Stalked Under the Stars

Considering the amount of time people spend working, enjoying what you do for a living is a solid step in the pursuit of a happy life. Fishing has always been one of my great passions, so I’ve been blessed to find a career that is both viable and fulfilling for me. However, all work and no play makes for a dull boy, so each summer, I take four months off to pursue my life’s other big passion: traveling. Most of my blogs are related way or another to fishing. That makes sense, since they’re posted on my fishing website. However, once in a while, a story simply has to be told. This is one of them. 

When I was twenty-three and in grad-school, my childhood best friend and next door neighbor (since I was three) became my roomate. His name is Todd, but his nickname was, “Hippie”. He had long, blonde hair, wore tie-dyes and Birkenstocks and had a penchant for a little bit of partying. He was also a brilliant biology student and super knowledgeable in botany, geology and earth sciences. In many ways, he was like a quirky and hilarious, walking encyclopedia. 

We wound up living together for three years and they turned out to be some of the most fun and laughter-filled of my life. Hippie had lived in Eugene, Oregon for the past few years and he absolutely loved it out West. He had driven cross-county more than once and had spent a considerable amount of time following The Grateful Dead on tour. He regaled me with lots and lots of great stories from “the road”, so to say that I was intrigued was an understatement. 

We decided to take a road trip during our first spring break as roommates. While most of our peers headed South, for coeds and tropical beaches, we grabbed our tents and sleeping bags and headed up to the Ozarks. The trip was a smashing success and we had a blast, but it only whet our appetite for more. We weren’t back home for long before we were planning our next adventure. Over the next few months, we pored over maps and books and started planning a big summer excursion. Every time we discussed it, the excitement for the trip would build.

By the time our last week of classes had come, we were bursting with anticipation. When summer break finally arrived, we packed up my Jeep Cherokee, fueled her up and headed West! The trip was absolutely epic and we made it all the way from Florida to Seattle and back. We had so many great, story-worthy memories that we could have written a book (think Fear and Loathing in America). But this particular post is about one very special evening that we spent in the high county of Utah.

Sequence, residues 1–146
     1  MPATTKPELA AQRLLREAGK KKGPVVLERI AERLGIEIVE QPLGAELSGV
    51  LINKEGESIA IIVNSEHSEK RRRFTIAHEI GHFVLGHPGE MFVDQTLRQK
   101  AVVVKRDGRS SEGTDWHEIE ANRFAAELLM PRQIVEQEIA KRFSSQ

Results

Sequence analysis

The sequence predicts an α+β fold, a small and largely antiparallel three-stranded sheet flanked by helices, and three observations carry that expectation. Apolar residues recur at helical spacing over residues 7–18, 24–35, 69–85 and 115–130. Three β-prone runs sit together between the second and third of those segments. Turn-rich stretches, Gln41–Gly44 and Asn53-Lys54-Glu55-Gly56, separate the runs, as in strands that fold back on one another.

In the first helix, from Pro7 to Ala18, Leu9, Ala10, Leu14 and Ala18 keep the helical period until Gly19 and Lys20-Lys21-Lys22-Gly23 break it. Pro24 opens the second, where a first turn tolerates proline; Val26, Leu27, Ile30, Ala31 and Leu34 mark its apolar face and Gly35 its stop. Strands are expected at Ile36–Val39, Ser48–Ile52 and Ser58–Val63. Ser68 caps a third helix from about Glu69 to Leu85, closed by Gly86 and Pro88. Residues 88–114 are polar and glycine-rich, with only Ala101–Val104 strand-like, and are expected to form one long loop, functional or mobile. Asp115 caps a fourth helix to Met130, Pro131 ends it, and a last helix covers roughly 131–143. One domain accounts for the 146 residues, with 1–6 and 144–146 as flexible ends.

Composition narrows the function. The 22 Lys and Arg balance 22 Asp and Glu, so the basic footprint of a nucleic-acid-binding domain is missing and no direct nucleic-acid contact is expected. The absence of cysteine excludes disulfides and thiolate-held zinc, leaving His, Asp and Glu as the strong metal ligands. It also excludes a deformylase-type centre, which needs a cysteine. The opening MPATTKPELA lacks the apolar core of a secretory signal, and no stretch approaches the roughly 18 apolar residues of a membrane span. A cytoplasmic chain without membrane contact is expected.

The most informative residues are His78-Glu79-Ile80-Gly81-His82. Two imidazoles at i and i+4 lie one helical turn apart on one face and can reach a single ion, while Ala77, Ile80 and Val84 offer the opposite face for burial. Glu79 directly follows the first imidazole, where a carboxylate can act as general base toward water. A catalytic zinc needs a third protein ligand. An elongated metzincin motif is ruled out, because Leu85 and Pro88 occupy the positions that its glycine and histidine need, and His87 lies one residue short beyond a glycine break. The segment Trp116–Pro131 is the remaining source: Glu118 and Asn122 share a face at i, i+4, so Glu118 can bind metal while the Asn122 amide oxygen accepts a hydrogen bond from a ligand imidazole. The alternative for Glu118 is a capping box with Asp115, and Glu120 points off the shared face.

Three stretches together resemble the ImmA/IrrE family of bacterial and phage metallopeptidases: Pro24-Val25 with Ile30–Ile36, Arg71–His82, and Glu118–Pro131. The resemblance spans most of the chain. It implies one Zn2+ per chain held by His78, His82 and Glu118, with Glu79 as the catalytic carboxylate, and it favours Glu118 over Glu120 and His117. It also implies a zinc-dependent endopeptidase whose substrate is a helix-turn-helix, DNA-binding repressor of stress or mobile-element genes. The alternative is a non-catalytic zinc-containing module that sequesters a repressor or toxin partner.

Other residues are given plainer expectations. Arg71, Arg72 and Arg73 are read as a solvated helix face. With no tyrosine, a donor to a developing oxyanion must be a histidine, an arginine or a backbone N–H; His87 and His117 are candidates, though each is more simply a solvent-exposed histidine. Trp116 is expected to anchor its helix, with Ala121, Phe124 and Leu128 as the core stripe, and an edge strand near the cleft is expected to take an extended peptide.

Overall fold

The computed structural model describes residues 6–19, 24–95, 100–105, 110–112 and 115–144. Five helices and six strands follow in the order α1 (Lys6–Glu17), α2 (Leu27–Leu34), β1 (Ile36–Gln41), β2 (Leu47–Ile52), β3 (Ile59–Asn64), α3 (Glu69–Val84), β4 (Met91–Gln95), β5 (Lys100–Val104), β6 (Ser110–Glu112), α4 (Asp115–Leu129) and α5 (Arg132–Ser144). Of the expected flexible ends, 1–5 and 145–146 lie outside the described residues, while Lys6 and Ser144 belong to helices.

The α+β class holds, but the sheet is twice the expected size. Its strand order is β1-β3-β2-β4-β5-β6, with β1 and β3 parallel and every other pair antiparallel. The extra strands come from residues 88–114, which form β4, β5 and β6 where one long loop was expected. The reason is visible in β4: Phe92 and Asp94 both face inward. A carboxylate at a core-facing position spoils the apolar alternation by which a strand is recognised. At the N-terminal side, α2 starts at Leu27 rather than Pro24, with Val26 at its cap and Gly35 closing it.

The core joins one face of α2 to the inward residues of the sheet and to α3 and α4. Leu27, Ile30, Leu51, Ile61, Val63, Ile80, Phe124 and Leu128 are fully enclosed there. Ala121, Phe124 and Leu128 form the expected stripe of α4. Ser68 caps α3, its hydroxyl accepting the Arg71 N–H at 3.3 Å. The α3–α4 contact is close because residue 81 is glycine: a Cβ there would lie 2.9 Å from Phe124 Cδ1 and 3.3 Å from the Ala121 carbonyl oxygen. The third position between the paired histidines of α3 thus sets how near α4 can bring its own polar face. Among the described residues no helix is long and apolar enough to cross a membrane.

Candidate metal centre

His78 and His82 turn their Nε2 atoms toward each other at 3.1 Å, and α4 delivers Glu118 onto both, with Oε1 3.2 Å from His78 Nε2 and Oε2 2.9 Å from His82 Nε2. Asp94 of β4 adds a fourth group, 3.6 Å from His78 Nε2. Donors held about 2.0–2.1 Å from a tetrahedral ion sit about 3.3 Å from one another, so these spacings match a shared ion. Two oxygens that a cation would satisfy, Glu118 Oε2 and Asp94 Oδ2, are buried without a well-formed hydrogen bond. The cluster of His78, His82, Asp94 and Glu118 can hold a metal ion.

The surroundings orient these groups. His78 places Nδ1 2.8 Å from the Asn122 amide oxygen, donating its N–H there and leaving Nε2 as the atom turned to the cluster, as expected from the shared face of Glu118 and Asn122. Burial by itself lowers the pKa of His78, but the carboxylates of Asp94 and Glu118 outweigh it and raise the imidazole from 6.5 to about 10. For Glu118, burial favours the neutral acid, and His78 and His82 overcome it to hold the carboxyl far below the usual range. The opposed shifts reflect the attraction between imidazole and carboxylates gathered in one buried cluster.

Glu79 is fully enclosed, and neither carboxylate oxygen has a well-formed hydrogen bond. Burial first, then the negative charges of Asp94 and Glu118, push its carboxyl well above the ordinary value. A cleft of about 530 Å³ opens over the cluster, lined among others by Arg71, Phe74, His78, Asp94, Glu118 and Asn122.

We were passing through the desert of the American West during the first couple of weeks of August and it was HOT. We were raised in  Miami and we were used to the heat, but desert swelter was an entirely different animal. We quickly got into the rhythm of waking up at sunrise, making coffee and breakfast, breaking down our tents and setting out on a short hike. Then we’d jump in the Jeep and make tracks. We’d run the a/c and stereo during the heat of the day and drive until the scorching heat outside started to subside. We’d find a good spot at our latest destination, set up camp and then head out on a hike.

We’d find a beautiful vantage point to watch sunset from, watch the moonrise or the appearance of stars for a while and then head back to camp for the night. We tried to avoid civilization as much as possible on this roadtrip. Except when we were visiting friends, the idea was to stay away from places with lots of people. Most National Parks in the summer are exactly that, so when we did visit them, we’d try to keep to the more isolated, backcountry areas as much as possible. When we got into Utah, we spent a day in Arches and it was spectacular, but it was also one of the most popular National Parks in the West. There were way too many people around for our taste. During Hippie’s previous road trips, he had found that National Monuments tended to be more scarcely populated than National Parks. We had read about one called Natural Bridges. Not only was it fabled to be one of the most beautiful places in the U.S., but also one of the most remote. That was right up our alley!

The road there from Arches was desolate, to say the least. After we passed a tiny speck of a town called Mexican Hat, it became high desert, no-man’s land. Hippie was taking his turn driving and I was the “navigator”, armed with our good old fashioned AAA book. While perusing our future track, I came across something I had never seen before. It was a bit alarming. I said, “Ummmm, Hips, I think we have a problem. It says in the book, ‘AAA STRONGLY advises travelers to avoid this road’. That can’t be good.” Apparently, the way ahead took us to something called the Moki Dugway. 

It turns out that the Dugway was created for and used by trucks in the 1950’s to haul uranium that had been mined in the area. After pulling over and conferring with the map, we realized we had no choice but to take it. What we found when we got there was a single lane of dry, waffled gravel, with a thousand foot drop, hair-pin turns and no guard rails. We were wide-eyed and nervous as we started down the “road”. As we drove, we quickly realized that if we went more than five miles per hour, the waffled track would cause the back end of the Jeep to start skipping out from under us and towards a thousand foot tumble off the cliff face. We hugged the side of the mountain, held on with white knuckles and prayed that we’d survive the descent. We finally got through the Dugway, after what seemed like forever. To this day, it stands as the most terrifying drive of my life.